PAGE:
Hideously immense writing tips link-dump

OK, so I’ve been pretty bloody busy since well before the new year began, and I’ve fallen massively behind with my compiling of writing advice links.

Or rather, I haven’t. I’ve been steadily compiling them in Google Notebook (which is a great tool, especially when used with the Firefox plugin), but the emphasis is on the “piling” … there’s about twenty of the buggers sat in there, taunting me from their position of safety-in-numbers, saying “hah – no time to post us, no time to write, you suck!”

Well, I’m not having that. So let’s offload – call ’em out by author and/or website, sergeant!

Jim “Justice” Van Pelt

[ Long-time readers will know well my admiration and respect for Uncle Jim; no one tops him for quality friendly writing advice. Most of these are from his LJ feed, but the top one is from the column he does for The Fix.]

  • “Sometimes the best bump I can give my writing is to get out of the house. A retreat is great, of course, but packing up my laptop and heading to the bagel shop or library is effective too.”
  • “Is there such a thing as a “great” title, or do titles begin to look great because they’re married to “great” stories?  After a while, we can’t imagine the story being titled anything else.  Which comes first?”
  • “While we walked, I was reminded again of the challenge and importance of writing with the landscape where a story takes place in mind.”
  • Writing the conclusion to a story can be hard!  First off, the whole story has been leading to this last page, so the sense of responsibility to the story and to the reader is huge.”
  • “At any rate, I have a bunch of mini-units to talk about aspects of short story writing.  One that we covered last night was mood or atmosphere.”
  • “I become insanely sensitive to repetitiveness in my sentence patterns, and I’m convinced that every reader will see it too.  I sometimes stare at my prose in despair. So, I go to the literature I love best to wash out my ears and to let me hear the rhythms again.”
  • My stance on all writing rules, from the nuts and bolts of grammar to the other much discussed rules of fiction writing (like staying attached to only one point of view, or “show, don’t tell, which I discussed earlier in Every “Rule” Has Exceptions), is that the only rule that matters to the writer is “Does it work?””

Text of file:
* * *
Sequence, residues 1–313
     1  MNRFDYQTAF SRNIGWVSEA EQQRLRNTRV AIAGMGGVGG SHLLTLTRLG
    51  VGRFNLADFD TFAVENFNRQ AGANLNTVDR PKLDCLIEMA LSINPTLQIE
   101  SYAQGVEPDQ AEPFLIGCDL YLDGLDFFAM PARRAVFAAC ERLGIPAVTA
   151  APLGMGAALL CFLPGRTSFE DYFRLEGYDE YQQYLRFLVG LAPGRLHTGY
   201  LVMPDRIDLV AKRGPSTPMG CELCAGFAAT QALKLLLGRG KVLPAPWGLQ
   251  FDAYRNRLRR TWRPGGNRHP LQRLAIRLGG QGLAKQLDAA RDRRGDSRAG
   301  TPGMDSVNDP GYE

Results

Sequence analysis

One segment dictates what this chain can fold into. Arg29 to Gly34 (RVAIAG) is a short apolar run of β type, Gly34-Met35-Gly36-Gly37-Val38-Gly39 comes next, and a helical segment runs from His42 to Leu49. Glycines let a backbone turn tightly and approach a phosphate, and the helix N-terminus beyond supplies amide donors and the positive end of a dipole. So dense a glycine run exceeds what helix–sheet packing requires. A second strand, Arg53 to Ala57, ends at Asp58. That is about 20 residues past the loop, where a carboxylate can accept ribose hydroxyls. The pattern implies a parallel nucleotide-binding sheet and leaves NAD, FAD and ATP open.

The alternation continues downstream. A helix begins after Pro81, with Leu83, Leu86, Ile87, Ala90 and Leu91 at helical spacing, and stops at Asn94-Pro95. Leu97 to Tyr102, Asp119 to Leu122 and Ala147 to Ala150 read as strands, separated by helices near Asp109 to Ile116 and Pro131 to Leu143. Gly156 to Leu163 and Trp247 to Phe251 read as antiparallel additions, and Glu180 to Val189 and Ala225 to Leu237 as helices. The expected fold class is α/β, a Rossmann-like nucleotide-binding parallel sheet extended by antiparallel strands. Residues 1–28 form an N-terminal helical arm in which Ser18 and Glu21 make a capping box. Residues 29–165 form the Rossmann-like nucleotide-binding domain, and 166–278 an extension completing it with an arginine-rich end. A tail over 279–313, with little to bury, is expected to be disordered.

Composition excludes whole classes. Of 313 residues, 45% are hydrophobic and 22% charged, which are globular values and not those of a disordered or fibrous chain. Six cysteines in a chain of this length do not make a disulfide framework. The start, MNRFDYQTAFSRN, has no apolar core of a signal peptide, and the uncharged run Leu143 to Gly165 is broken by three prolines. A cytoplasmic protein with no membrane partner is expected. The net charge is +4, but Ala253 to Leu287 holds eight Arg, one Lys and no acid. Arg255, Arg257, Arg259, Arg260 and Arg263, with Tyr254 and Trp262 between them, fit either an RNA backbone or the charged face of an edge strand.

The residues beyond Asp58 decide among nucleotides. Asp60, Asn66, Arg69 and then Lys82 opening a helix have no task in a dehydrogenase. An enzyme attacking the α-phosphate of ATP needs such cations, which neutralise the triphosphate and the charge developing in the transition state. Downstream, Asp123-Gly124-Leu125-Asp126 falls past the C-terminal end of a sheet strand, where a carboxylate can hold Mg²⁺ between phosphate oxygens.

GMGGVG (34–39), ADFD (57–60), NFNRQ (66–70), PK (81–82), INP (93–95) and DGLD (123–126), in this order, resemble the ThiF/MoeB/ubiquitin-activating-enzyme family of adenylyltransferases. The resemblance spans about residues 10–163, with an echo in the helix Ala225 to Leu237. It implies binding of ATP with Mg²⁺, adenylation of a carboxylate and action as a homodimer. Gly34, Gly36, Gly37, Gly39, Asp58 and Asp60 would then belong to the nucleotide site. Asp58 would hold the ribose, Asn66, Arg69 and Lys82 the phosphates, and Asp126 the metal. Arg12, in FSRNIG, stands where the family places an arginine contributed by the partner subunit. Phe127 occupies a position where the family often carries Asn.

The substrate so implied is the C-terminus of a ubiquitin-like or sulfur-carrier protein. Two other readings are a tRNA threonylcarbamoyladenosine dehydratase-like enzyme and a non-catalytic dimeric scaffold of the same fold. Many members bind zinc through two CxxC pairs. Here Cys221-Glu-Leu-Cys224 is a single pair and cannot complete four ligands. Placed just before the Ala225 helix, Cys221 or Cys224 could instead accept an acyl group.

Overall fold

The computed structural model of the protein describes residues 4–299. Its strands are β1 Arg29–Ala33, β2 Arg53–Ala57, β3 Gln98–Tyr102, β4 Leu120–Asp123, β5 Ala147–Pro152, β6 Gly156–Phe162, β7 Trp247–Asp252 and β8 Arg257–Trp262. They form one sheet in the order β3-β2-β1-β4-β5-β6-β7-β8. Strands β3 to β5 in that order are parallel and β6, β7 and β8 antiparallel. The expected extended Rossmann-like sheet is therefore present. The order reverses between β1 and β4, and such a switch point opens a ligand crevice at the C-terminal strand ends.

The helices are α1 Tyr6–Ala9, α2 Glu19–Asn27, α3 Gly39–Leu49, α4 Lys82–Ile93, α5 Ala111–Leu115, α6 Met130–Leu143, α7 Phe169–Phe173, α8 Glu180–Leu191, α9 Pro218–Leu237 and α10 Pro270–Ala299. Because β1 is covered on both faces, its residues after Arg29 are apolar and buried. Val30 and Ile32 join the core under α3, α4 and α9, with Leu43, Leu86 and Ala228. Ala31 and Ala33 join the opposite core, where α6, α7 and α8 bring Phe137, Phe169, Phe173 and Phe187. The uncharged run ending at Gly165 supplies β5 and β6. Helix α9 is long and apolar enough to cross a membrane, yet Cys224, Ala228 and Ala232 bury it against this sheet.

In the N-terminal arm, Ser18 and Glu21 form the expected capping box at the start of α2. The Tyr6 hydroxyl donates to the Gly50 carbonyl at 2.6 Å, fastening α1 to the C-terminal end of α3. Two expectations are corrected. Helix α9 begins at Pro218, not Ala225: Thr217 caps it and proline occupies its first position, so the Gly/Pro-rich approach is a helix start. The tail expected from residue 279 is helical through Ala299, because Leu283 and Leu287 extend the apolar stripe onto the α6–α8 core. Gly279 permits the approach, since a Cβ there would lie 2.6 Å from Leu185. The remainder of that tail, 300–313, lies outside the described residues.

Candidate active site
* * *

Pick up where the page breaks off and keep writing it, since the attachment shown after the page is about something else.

• “Fortunately, your body which needs the oxygen doesn’t know if the breath that produced it was made while not thinking, or if it was the result of conscious effort. Your readers won’t be able to tell the difference. You can write crap consciously or unconsciously, just as you can write effective stuff both ways.”

Luc Reid

Jay Lake

Jeff VanderMeer

  • Evil Monkey’s Guide to Creative Writing: Tips for Beginners – “(1) An early sense of entitlement is deadly to development. Don’t posture and preen well before you have any right to do so. (In fact, don’t ever.) Them that do rarely develop as writers, although some of them may become widely published over time. They just never recognize they suck.”

Paolo Bacigalupi

  • “After today, what I really think is that I’m a dogged writer. If I polish the turd long enough, eventually something shines. It’s really my specialty. Going after a story again and again until finally I figure out how to spin crap into gold.”
  • How to write a short story – by throwing away a short story – “I wrote a novelette last week. The interesting thing about it was that I literally had no idea what I was doing.”

Neil Beynon

  • “As has been alluded to a few times recently, I have been experiencing more than my fair share of writer’s block, that all pervading paralysing fear that the ideas will dry up and not a single interesting sentence will be transmitted to the page.”

Write To Done blog

[ Some of these are more focused on non-fiction, but still useful. ]

io9

[ OMG!!!1-post-not-about-Heroes-or-Torchwood shocker! ]

PickTheBrain.com:

  • George Orwell’s Five Rules For Effective Writing – “If you want to be understood, if you want your ideas to spread, using effective language must be your top priority. In the modern world of business and politics this is hardly ever the case.”

WordWise:

  • Verb Your Enthusiasm – “… a brain-imaging study conducted at the Medical Research Council in Cambridge, England, showed that the brain’s motor cortex responds to merely reading action words like active verbs. Verbs, in other words, stimulate readers, kickstart their imagination, draw them in, compel them to think.”

Yes, some of these are hideously old. Doesn’t mean they’re any less useful, though.

Now, I’m off down the road to talk to an H P Lovecraft-inspired band called The Sword. Enjoy!

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